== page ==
I’M fascinated by time. Well, space time to be more specific.
I recently attended a talk centred around Albert Einstein’s theory of relativity and general musings about string theory and time travel, something that has had me hooked for years.
Without becoming too boffinised, the general concept relates to the notion that everything that has happened previously in our world still being out there, still living and breathing in some fourth dimensional wormhole in the Milky Way. In a similar mould, everything that will ever happen already being preordained and waiting for us, a scripted future we’re yet to encounter.
I know, heavy isn’t it? If Albert and his cosmologist mates are still kicking around in the ether somewhere, can you beam down a message to reassure the hope will be having the biggest party of our lives in Liverpool and Madrid around May 2019, lads? It wouldn’t half help the nerves.
Wednesday night in Anfield was in many ways reminiscent of time travel, a quantum leap back into the uncertainty and soft-centred nature of Liverpool sides 12 months prior. Watching a team consisting of the likes of Simon Mignolet, Alberto Moreno, Joel Matip and Nathaniel Clyne together left everyone slightly out of the comfort zone created by the reassuring and towering figures of those now considered Liverpool’s first-choice 11.
It should be noted that what we now consider as our second-string team is as strong as I have personally seen since 2000-1. Established international footballers were able to take to the pitch in what was deemed a weakened Liverpool team against Chelsea. Yet the issue around their now lack of game time will be a case for the manager to solve over the season going forward.
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What stood out to me most midweek was, in many ways, how hard it now is to be the likes of Clyne, Moreno and Mignolet in this current Liverpool makeup. It feels as if they have stood still while the collective vehicle has moved forward. These players, if asked, may argue that it is impossible for them to evolve without regular football, but what is glaringly obvious now is that what was once deemed a seven out of 10 by Clyne’s standards is now a five out of 10 by Trent Alexander-Arnold’s.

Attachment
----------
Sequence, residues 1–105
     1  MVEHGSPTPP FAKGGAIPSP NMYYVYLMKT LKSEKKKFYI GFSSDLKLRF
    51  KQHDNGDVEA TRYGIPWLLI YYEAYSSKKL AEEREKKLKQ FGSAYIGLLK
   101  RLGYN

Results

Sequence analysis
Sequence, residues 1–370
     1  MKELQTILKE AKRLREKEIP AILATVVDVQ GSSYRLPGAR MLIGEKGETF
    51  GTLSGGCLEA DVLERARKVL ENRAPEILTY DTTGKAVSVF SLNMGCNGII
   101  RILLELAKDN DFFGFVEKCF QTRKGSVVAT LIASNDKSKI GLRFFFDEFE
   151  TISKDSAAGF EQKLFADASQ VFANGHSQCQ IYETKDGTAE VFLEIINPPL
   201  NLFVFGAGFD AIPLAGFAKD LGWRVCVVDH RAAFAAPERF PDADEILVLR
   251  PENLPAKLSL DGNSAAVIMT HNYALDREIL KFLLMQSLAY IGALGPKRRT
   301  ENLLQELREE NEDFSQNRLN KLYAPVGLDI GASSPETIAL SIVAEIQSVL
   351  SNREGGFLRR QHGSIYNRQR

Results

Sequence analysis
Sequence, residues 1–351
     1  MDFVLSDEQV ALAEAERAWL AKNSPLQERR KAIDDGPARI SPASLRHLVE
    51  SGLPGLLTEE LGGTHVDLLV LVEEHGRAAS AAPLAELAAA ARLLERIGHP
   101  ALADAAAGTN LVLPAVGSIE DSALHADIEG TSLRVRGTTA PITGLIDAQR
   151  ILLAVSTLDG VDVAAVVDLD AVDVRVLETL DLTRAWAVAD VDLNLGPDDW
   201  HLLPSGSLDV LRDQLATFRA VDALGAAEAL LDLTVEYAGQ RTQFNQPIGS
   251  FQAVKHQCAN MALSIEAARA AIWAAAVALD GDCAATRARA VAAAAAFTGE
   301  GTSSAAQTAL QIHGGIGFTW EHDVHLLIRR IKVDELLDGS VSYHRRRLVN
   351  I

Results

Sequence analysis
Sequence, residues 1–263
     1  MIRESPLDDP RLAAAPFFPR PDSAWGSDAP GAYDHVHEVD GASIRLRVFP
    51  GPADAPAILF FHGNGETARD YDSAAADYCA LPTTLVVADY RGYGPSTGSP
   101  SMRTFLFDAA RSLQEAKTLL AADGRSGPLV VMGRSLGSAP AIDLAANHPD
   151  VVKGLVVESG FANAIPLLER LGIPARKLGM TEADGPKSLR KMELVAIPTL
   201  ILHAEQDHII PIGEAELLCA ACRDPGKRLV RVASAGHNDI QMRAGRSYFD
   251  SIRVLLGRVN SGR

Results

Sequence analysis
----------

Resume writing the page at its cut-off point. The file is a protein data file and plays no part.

With the benefit of hindsight from the past week, there would not be sheer panic if one of The Reds’ fringe players were to come in and adapt to the current levels set if the situation required. A sharpening of match practice and you would feel relatively satisfied with any, in isolation, being asked to do a job for a few weeks, even Moreno.
Maybe the thing to take most is how very difficult it is to be a part of a unified, cohesive outfit such as this Liverpool team. Jürgen Klopp’s side on paper may not strike the fear of God into the Paris Saint-Germains of this world, but the one thing they cannot account for is how well-oiled and intrinsically organised Klopp’s men are in every situation imaginable.
Whenever this is brought home after results such as midweek, the appreciation of just what Klopp has done with his group of players becomes clear. This is something to consider when craving the introduction of new players en masse for games considered routine or processional. Every point matters this season. As important is so does the rhythm the manager continually beats his drum about when referencing his squad.
There is still an adaptation and integration period taking place for the likes of Fabinho, Naby Keita and Xherdan Shaqiri that has almost become an almost alumni-like rite of passage certain players now have to go through before they are deemed converted and able.
This should not be seen as a negative. There has been enough witnessed in all three players to suggest that we should all be very excited by the players they will be in January, compared to what they are now. That eureka moment, the Alex Oxlade-Chamberlain and Andy Robertson Manchester City at home lightbulb for these lads too is the hope for all at the club.
Conversely, you now feel that may no longer be the case for some of those in squad. The likes of Moreno, Clyne and Mignolet have been at Liverpool for a long time, all brought in under a different stewardship, and you feel they have now reached their respective ceiling as footballers. In many ways, you feel they will never become the players you know others around them can.
This coming weekend, Klopp will go back to his tried and tested group of players who know each other’s games inside out. The sense of an undervaluing of certain members of the current first team is only emphasised as a ridiculous notion by events this week. It should serve as a timely reminder that every player currently selected for Liverpool is done so for the good of the team, as much as any individual contribution.
Klopp’s men will have to be back to their fluid and unified best this Saturday if they are to return to winning ways at Stamford Bridge. It will serve as the biggest test of their domestic season given the form of Maurizio Sarri’s men.
If time is a flat circle as some suggest, a concept of governing our own mortality that is measured linearly on earth but does not exist in the vastness of eternity, then this Liverpool team needs to ensure it does not stand still and continues to evolve with the clock.
This team need to break the mould of perceived relativity and make certain some of what has happened before does not happen again.
In many ways, they must do all they can to shape a future that may already await them.
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